Running Pgbadger Automatically with Zsh

Here I present a simple script that queries the database for the log file locations and automatically chooses the one for yesterday. The trick here is to apply strftime to the log filename as configured in the database. This way, it doesn’t matter how complex the log file name is in the database, it’s alawys easy to guess. All this works as long as the system’s strftime and PostgreSQL’s log file escapes are equivalent; this should never be an issue.

There are some limits to the current script. It assumes log_directory is to be found within data_directory and is not an absolute path. It also assumes there are no strftime escape sequences in the directory names themselves. Fixing either or both of these is not hard if a more general script is needed. It is also hardcoded to choose the csv log file, but this is easy to change.

Finally it runs pgbadger on the log file from yesterday, and outputs html in the webserver’s directory. The assumption here is that PostgreSQL will write its log into a new file every day, possibly in a rotating sequence.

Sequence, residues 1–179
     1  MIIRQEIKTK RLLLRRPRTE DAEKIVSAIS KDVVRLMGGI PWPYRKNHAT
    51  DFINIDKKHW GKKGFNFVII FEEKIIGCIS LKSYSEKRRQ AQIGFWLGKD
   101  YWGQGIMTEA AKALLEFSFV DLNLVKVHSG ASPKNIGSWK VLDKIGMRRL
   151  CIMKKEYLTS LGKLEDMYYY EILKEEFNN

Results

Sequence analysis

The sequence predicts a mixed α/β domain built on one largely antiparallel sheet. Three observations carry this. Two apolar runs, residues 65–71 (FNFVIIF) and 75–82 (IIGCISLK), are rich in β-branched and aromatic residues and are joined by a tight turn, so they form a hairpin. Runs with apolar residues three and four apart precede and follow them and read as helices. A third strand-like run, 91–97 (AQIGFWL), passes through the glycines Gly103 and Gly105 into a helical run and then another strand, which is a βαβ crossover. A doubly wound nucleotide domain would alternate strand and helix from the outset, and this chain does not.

The script is mean to be called every day with cron.


zmodload zsh/datetime

datadir=`/usr/local/bin/psql -A -t -q -w -c "show data_directory" ;`
logdir=`/usr/local/bin/psql -A -t -q -w -c "show log_directory" ;`
filename=`/usr/local/bin/psql -A -t -q -w -c "show log_filename" ;`

strftime -s log $datadir/$logdir/$filename $(( $epochtime[ 1 ] - 24 * 60 * 60 ))

/usr/local/bin/pgbadger -q -I -O /var/www/html/pgbadger/ -o index.html  ${log:r}.csv

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